Congress Approves User Fees, Safety Policies for FDA


Applied Clinical Trials

Congress Approves User Fees, Safety Policies for FDA

WASHINGTON, DC, September 2007-House and Senate leaders finally agreed on compromise legislation to renew prescription user fees late last month, just a few days before the funding program was set to expire. The Food and Drug Administration legislation increases drug user fees by $225 million over five years, in addition to adopting user fee agreements negotiated with pharmaceutical, biotech and medical device companies that already raised fees considerably. There’s also a new fee program to support FDA pre-review of DTC TV ads.

One important late compromise was to retain six-months exclusivity for sponsors that conduct studies providing pediatric labeling information, defeating a move to limit exclusivity to three months for block-buster drugs. The legislation also continues a five-year “sunset” policy for a related rule that gives FDA authority to require pediatric studies under certain conditions, instead of making that authority permanent.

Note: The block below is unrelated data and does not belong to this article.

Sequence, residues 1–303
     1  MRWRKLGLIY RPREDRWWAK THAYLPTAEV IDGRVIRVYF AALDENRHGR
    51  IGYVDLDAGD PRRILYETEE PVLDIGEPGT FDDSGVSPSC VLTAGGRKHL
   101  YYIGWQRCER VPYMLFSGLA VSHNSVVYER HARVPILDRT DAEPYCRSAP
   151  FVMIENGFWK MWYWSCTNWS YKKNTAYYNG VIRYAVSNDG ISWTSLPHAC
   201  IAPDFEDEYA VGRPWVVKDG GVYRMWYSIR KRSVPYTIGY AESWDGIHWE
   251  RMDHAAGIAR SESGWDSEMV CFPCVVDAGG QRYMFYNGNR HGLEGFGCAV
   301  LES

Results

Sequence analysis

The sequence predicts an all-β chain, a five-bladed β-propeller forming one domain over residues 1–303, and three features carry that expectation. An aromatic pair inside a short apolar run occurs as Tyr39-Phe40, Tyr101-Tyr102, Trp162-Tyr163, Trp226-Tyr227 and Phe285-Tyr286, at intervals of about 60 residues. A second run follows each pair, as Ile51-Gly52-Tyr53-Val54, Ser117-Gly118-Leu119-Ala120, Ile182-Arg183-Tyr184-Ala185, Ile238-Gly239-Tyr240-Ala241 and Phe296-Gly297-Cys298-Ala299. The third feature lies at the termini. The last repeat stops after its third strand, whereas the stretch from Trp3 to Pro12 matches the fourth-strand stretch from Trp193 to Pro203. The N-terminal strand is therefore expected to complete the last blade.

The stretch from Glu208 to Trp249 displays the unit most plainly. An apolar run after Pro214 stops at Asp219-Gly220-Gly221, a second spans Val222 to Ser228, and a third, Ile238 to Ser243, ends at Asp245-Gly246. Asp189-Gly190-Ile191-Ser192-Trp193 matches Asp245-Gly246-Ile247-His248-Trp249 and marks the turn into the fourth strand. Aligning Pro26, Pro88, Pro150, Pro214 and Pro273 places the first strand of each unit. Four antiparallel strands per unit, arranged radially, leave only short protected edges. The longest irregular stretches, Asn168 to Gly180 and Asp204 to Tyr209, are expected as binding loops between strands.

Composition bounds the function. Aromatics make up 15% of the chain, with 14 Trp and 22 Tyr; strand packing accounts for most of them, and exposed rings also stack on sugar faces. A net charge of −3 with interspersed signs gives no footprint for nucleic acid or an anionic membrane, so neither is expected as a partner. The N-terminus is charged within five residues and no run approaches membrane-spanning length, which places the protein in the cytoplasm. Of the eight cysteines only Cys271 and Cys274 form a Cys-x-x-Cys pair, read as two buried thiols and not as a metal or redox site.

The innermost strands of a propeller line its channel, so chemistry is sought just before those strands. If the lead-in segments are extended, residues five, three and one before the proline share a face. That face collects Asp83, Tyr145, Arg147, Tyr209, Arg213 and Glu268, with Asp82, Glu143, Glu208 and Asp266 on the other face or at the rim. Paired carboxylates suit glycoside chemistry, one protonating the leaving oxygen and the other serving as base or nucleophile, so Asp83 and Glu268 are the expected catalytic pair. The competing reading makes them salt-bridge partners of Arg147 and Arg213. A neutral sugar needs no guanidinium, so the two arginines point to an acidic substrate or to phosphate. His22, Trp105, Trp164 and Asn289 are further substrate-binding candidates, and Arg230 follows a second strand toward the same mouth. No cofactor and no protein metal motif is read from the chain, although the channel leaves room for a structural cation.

FDA retains some leeway in deciding when to require a Risk Evaluation and Mitigation Strategy (REMS) for a new drug, but the agency is expected to implement this drug safety program broadly. Sponsors will have to post clinical trial results to a new database, but the details of that process-including disclosure of results for never-approved products-probably will take months, if not years, to finalize and implement. The final bill also gives FDA some flexibility in allowing conflicts-of-interest waivers for advisory committee members, another policy that will face increased scrutiny.

Manufacturers that violate REMS requirements or fail to complete post-approval studies could be hit with new fines. And the final bill includes language that could undermine FDA authority to pre-empt state laws imposing different disclosure and labeling policies than the federal agency, a very troubling provision for industry as well as FDA. It will take months to unravel all the details in this 400+-page bill [available at], which will keep a lot of lawyers and policy analysts very busy.

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